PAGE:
Fresh grapefruit contains dietary fibre, which may help maintain healthy cholesterol levels, support healthy digestion, and may help keep you feeling full for longer.1 One half of a sweet, juicy medium-sized grapefruit (120g) provides 4% of the Reference Intake (RI) for fibre.*
What is Fibre?
Dietary fibre describes the carbohydrates and lignin (a part of plant cells walls that makes them rigid and woody) that are naturally found in plants and not digested and absorbed in the small intestine.1 Typically, fibre is made up of compounds that are basic components of plant cells. Although fibre contributes minimally to energy (calorie) intake and is generally not used by the body as a fuel source, it is considered to be an essential part of a healthy diet.
There are two basic types of dietary fibre: soluble and insoluble. Soluble fibres are those that dissolve in water and can form a gel in the digestive tract. Soluble fibres may have positive effects on blood cholesterol. Insoluble fibre does not dissolve in water and can promote healthy digestion and elimination. Grapefruit contains both types of fibre, with pectin being the common soluble fibre found in fresh grapefruit.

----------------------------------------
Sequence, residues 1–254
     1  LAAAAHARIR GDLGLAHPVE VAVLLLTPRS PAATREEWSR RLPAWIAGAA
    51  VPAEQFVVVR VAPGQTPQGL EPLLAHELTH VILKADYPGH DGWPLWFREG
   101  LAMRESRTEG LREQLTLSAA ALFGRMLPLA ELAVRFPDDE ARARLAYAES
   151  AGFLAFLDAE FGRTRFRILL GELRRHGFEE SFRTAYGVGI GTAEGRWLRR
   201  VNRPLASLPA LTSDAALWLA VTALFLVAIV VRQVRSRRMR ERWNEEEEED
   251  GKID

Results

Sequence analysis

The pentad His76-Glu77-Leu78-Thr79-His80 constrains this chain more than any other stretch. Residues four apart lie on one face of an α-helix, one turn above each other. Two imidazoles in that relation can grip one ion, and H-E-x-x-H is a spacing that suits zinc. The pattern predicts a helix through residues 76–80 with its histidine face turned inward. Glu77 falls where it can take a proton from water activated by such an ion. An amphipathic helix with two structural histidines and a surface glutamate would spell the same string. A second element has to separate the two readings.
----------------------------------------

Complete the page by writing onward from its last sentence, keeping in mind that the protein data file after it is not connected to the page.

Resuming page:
Benefits of Fibre
Fibre can aid with laxation by adding to faecal bulk and also promote satiety, or “feeling full”, which may help promote weight loss by reducing caloric intake.1 The intake of fibre also has been associated with reducing serum cholesterol, decreasing blood glucose levels, and reducing the risk of coronary heart disease.1
Sources of Fibre
Dietary fibre is found in most fruits, vegetables, legumes, grains (especially whole grains), and nuts and seeds.
Learn more about the health benefits of fresh Florida Grapefruit and Florida Grapefruit Juice.
*Reference Intake: Based on a 2000 calorie diet. Information is not intended for labelling food in packaged form. Nutrient values may vary based on variety of citrus fruit and place of origin. Check with your citrus vendor for additional information.